Joel Kinnaman says the final season of 'The Killing' was "liberating"
Because of the show’s dedicated following, online petitions surfaced to bring back the show for season four. One reached over 10,000 signatures. Now with the move to Netflix, how will it affect the show in general? For what it’s worth, the main roles are returning, as well as showrunner Veena Sud, so the main core isn’t going to change. What is going to change, however, may be the overall tone of the show. Now that it’s no longer on a network, ‘The Killing’ can basically do whatever it wants, and it’s planning on taking full advantage of that. "This season Holder gets to talk like Holder should have been talking," Kinnaman said regarding his character. "We can use whatever words you want to use. There's no rating. Sometimes you could feel a little held back by those limitations that were set up."
Continue reading: What To Expect From The Final Season Of 'The Killing'
Based on the events documented in West of Memphis and the Paradise Lost trilogy, this drama takes an almost clinical approach to the story. By filling in so many details and covering so many perspectives, skilled Canadian director Atom Egoyan sometimes loses the emotional connection, simply because there are too many punches to the gut. But it's utterly riveting.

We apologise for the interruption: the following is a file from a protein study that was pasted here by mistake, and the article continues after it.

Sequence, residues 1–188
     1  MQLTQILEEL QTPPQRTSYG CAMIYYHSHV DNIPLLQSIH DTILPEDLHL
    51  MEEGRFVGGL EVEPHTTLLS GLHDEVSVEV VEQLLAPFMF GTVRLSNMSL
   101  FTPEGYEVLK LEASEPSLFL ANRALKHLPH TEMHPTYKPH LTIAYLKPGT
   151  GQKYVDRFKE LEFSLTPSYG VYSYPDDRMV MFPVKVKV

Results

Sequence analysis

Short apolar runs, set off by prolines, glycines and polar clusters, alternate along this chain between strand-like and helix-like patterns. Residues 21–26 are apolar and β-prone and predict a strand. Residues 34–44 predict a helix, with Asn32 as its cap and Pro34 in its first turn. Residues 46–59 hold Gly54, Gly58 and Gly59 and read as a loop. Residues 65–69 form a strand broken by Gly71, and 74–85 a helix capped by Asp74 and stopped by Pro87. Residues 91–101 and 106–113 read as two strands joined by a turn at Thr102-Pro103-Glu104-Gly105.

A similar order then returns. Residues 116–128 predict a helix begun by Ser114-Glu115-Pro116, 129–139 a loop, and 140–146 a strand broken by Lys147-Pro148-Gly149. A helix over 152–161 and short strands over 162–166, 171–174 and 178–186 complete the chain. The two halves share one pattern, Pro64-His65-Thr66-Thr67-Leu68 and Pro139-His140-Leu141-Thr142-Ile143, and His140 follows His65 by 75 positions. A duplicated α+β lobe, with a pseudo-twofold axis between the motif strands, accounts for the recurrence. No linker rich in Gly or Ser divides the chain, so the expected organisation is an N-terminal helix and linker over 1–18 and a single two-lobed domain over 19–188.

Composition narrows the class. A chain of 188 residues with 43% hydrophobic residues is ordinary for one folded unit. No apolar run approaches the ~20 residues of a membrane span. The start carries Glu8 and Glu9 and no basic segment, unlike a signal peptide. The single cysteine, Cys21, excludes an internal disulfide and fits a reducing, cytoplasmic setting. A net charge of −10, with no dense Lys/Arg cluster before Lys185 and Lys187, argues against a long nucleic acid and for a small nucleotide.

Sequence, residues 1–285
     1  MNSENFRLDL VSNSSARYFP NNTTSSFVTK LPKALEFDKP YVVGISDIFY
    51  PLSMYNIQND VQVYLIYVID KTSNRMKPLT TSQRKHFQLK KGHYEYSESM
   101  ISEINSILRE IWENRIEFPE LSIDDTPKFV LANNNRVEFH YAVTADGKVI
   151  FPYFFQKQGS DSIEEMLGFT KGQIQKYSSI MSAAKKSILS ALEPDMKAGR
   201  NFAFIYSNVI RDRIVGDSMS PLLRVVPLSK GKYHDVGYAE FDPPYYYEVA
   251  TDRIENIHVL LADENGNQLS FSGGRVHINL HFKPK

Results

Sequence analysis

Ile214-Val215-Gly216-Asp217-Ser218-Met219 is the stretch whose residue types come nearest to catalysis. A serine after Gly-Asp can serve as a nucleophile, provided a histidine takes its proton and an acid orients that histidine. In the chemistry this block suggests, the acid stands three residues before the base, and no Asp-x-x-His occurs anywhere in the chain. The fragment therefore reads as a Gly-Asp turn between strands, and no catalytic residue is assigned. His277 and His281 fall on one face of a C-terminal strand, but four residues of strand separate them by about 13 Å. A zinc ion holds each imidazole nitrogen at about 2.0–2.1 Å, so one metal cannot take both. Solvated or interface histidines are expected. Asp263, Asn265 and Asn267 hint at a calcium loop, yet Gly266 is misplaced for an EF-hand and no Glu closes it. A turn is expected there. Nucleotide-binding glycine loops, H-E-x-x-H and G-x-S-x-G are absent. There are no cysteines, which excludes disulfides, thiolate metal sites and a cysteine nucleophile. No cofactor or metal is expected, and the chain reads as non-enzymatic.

The events took place in 1993 in rural West Memphis, Arkansas. After three 8-year-old boys go missing, suspicion immediately falls on four goth 16-year-olds: Chris (Dane DeHaan) has just left town, but the fiercely charismatic Damien (James Hamrick), hapless Jason (Seth Meriwether) and mentally disabled Jesse (Kristopher Higgens) are arrested and charged with murder. The victims' parents (including Reese Witherspoon, Alessandro Nivola and Kevin Durand) band together in outrage. But private investigator Ron (Colin Firth) thinks the police have wrongly accused these teens of being killers.